The History of King Cakes

City Bakery King Cakes

The history of the King Cake is a long and complicated one, but a delicious one at that! Read below to learn how the Mardis Gras tradition of King Cakes got started!


The “King Cake” derives its name from the biblical kings. In Christian tradition, the Epiphany, also known as the Twelfth Night (the Twelve Days of Christmas are counted from Chrismas Eve until this night), is commemorated on January 6th and celebrates the visit of the three wiseman to the Christ Child. The season for King Cakes extends from the Twelfth Night up until Mardis Gras, or Fat Tuesday, the day before the start of Lent.

While the King Cake tradition is thought to have been brought to New Orleans from France in 1870, early instances of this culinary tradition used what was then known as the galette des Rois, which was made of a puff pastry and frangipane. In France, a little bean was traditionally hidden in the King Cake, a custom that originated in the Roman Empire, and the person who found the bean was called the “king of the feast.” Throughout the ages, other items were also hidden in the King Cake such as coins, pecans or peas. Since 1870, the bean was first replaced by porcelain babies and eventually substituted by plastic figurines.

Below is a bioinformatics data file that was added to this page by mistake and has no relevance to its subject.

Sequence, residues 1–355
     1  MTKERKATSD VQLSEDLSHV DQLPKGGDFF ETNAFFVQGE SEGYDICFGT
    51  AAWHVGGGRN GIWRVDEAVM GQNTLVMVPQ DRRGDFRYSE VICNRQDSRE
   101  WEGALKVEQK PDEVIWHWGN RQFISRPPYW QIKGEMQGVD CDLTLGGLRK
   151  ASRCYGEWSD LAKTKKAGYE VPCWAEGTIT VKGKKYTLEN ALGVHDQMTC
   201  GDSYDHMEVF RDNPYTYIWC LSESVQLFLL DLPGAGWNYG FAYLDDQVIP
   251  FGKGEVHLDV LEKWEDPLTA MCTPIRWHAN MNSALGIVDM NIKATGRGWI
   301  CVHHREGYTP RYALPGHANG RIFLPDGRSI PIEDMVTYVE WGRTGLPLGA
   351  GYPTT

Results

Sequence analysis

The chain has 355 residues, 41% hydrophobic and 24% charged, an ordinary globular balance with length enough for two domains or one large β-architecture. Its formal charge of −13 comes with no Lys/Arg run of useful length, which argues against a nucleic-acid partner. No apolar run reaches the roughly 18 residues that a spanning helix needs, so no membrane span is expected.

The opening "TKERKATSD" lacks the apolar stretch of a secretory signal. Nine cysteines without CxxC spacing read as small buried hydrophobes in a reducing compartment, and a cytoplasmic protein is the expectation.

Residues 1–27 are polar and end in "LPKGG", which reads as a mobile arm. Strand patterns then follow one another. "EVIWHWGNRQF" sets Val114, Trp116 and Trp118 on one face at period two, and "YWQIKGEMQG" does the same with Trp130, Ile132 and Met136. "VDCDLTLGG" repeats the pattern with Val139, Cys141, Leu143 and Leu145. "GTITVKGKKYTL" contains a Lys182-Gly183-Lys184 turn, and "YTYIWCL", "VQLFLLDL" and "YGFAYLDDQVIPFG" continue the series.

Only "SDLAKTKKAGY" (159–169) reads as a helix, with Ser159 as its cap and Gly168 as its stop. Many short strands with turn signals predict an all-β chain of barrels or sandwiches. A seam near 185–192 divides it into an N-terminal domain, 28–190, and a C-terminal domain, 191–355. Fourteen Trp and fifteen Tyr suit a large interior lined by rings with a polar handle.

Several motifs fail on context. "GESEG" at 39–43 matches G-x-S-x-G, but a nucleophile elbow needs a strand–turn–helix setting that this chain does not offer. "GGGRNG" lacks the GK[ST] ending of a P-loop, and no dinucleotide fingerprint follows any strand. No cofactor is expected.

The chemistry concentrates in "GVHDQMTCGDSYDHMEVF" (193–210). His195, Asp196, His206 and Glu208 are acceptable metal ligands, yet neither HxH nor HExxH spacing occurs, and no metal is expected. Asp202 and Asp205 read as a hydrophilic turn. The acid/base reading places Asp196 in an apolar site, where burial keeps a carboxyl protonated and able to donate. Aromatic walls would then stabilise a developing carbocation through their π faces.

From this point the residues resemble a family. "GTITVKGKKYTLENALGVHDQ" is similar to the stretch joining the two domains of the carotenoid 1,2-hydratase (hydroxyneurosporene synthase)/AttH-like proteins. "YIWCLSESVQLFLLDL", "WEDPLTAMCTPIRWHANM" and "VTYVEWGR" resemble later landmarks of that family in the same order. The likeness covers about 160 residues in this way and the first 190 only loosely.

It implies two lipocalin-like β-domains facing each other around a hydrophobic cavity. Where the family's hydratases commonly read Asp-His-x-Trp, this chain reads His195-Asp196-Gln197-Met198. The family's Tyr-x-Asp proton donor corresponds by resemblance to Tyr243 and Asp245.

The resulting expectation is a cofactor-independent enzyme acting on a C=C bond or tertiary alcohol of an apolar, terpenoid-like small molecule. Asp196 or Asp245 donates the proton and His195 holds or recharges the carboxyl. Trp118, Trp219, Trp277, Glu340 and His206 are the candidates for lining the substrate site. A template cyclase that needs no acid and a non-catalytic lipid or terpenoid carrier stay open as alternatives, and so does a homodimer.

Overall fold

King Cakes Today

Originally, King Cakes were simple rings of dough with minimal decorations. However, today’s cakes are much more festive. First, the dough is braided into in an oval shape. Then, it is baked with a “baby” inserted and topped with delicious sugar toppings. Lastly, it is decorated in traditional Mardi Gras royal colors of Purple, which signifies “Justice,” Green for “Faith,” and Gold for “Power.” All of these colors were selected due to their resemblance of a jeweled crown, honoring the Wise Men who visited Jesus on Epiphany.

Today, King Cake Parties parties are thrown in celebration of Mardis Gras. During the festivities, the Cake is sliced and served to each guest; then, all attendees look to see if they are the “lucky” person to receive the piece containing the “baby”. If so, that person is named as “King” for a day and is expected to host the next party and provide the King Cake.

Our King Cakes are made with cinnamon sugar filled yeast dough. The dough is then shaped into a ring and topped with a sugar glaze and purple, gold, and green sprinkles, and, of course, has a plastic baby hidden inside! Each cake serves 8-12 people and is available by special order (with a 48 hour notice) for pickup on February 5th through Fat Tuesday, February 9th (Sunday, February 7th is the last day to pre-order)! $20. Contact us to order your King Cake today!

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